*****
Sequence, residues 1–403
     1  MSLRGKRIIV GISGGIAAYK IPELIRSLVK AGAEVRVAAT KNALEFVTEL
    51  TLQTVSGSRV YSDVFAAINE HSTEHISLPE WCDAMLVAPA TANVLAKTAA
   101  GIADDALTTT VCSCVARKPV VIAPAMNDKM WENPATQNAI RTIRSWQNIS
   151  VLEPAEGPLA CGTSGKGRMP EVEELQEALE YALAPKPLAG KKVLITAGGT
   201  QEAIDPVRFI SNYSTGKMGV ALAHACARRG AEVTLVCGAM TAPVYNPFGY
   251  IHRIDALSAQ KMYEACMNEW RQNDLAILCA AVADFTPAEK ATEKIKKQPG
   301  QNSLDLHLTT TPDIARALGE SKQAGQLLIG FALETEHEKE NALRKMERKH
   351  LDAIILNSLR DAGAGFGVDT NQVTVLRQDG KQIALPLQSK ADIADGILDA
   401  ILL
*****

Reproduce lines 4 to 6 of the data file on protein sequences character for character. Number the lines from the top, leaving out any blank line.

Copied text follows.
   101  GIADDALTTT VCSCVARKPV VIAPAMNDKM WENPATQNAI RTIRSWQNIS
   151  VLEPAEGPLA CGTSGKGRMP EVEELQEALE YALAPKPLAG KKVLITAGGT
   201  QEAIDPVRFI SNYSTGKMGV ALAHACARRG AEVTLVCGAM TAPVYNPFGY